Friday, December 17, 2010

40. Raise $2,500 for a cause

Continuing with the Outside The Life List I also picked 40. Raise $2,500 for a Cause.  However, because 9. Overachieve also appeals to me I decided to double that to $5,000.  I have signed up with Team in Training, started in 1988 and often credited with creating the cause-fitness model of people raising funds for charity while competing in an endurance event. Team in Training is a fundraising program that benefits The Leukemia and Lymphoma Society ( Each year, they train 40,000 people for marathons, half marathons, century bike rides, triathlons, and hike adventures.  Team in Training participants have fundraised close to $1billion.

In all honesty, this goal is selfishly tied to getting in the best shape of my life.  In a 2008 study published in the Journal of Sports Science and Medicine it was found that motivation increases the more an individual meets three criteria: autonomy (self directed), competence (measurable improvement), and relatedness (a purpose and connection with something larger than oneself).  That last item means that if I let up on my fitness and fail to complete the triathlon that all my donors expect me to finish, I will not only let myself down, but others as well.

So with the addition of the tote board to my blog counting down my fundraising progress as well as an easy link to donate, my first three goals of writing, getting in the best shape of my life and now giving back are linked with the synergy that is often sited as so crucial to being successful in a holistic well being sense.

Thursday, December 16, 2010

29. Get in the Best Shape of Your Life

In the September issue of Outside magazine, they published The Life List which is “51 dream trips, daring quests, essential skills and exalted states of body and mind.”  They said they published this list “because you really can do it all.”  While many of these like 29. and  40. raise $2,500 for a cause (which I will discuss in my next post) are within my reach, I think it will be a while before  5. Become a bush pilot or 12. Talk to a wild panda, make my list.

Plus this item should be something I can do while keeping balance between the other aspects of my life.  With a regular weekly fitness habit (I have worked out once a week or more every week this year, but one before an October lapse), I am not out of shape, but that still does not leave me in my best shape.  Towards that end I signed up in November to train for a triathlon with the Team in Training program.  While not my first triathlon, or I hope not my last, I do feel that this time with 29. as my guideline I want to do more than finish.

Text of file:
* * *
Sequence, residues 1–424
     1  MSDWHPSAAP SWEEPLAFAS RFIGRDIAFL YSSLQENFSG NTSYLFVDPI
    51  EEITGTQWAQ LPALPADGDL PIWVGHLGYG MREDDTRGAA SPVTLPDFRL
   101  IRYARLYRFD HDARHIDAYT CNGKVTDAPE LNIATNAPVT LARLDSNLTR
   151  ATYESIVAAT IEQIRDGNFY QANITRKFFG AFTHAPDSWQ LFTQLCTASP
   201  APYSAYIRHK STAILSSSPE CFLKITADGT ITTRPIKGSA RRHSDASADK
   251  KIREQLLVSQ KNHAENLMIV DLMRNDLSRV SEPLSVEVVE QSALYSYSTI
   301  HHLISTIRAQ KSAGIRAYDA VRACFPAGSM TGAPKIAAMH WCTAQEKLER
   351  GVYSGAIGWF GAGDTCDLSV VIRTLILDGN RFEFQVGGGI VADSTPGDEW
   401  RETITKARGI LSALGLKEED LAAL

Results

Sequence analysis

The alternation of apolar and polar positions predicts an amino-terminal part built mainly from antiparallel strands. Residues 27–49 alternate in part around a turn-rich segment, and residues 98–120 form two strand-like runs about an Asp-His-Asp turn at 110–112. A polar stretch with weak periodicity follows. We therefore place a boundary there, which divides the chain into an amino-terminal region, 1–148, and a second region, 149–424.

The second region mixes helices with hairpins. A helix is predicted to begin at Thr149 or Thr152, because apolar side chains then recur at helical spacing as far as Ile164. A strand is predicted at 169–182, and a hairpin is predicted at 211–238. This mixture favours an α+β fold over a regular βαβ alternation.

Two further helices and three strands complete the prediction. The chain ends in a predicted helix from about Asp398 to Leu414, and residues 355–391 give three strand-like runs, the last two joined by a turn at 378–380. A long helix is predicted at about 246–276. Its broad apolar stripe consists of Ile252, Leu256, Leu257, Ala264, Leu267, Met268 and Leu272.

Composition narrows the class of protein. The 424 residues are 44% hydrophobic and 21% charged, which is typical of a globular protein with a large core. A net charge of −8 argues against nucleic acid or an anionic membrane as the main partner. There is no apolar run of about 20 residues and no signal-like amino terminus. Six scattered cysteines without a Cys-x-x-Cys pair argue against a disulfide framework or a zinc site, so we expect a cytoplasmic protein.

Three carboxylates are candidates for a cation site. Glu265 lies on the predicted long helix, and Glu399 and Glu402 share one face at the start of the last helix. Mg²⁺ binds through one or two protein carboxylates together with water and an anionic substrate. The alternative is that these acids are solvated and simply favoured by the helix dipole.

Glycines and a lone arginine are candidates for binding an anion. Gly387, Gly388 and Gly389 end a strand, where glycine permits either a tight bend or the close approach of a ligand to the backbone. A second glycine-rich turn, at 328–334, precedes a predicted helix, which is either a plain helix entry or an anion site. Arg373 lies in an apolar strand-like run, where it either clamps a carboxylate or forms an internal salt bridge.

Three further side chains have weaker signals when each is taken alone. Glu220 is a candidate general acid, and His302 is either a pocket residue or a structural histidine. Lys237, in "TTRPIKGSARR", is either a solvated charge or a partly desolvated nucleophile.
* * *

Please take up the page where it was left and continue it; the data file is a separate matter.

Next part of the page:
However, I learned yesterday that you can’t get in the best shape of your life in one day, although I tried.  I started with my first ski day of the year at Breckenridge, which had some of the best December snow it has had in years.  I then followed that up with a kickboxing class and a Team in Training swim workout.  Although today I can walk, pacing which is always a struggle for me, is something I need to consider as I pursue this goal.  So you will see a lot in this blog on finding balance in my training, sharing tips, as well as trips, I make along the way.

Tuesday, December 14, 2010

A New Title?

Author of the Year, Sports Editor, Rocket Scientist, Professor, Triathlete, Dream Chaser Program Manager….

All titles from my past to my present, but the one I keep coming back to is that first one earned in third grade “Author of the Year.”  I have always been drawn to writing whether as a young elementary student to my days as the sports editor of the Columbine Courier in high school to Sigma Chi Chapter Editor during my college days to Colorado Daily sports columnist in graduate school to a college professor writing professional papers and now writing proposals for the replacement for the Space Shuttle.  Thing is I have shown a little talent to follow up that initial award, earning the honor of Top Colorado High School Sports Story from the Colorado Women’s Press Association, a national fraternal award for chapter publications, and a year ago helping win $20 Million dollars from the first round of NASA’s Commercial Crew Development program.

Writing proposals, while often much more rewarding, is not the same as seeing your name in print, physically or on-line.  That is why I have craved getting back to those early days as an author and writing a book.  While having plenty of ideas for both fiction and non-fiction works, I have not had the time and the commitment to realize those best sellers.

So this past summer as a part of a goal setting exercise, I set a goal to blog and now what you have is Aloha Fridays.  Sure it is not a book, but these days it is not that uncommon for a blogger to land a book contract.  I mean if, which collects pictures of cats with kooky captions, can become a book and make the Top 50 of USA Today’s Best Selling books in 2008 then surely with continued improvement on my book contract can’t be too far away can it?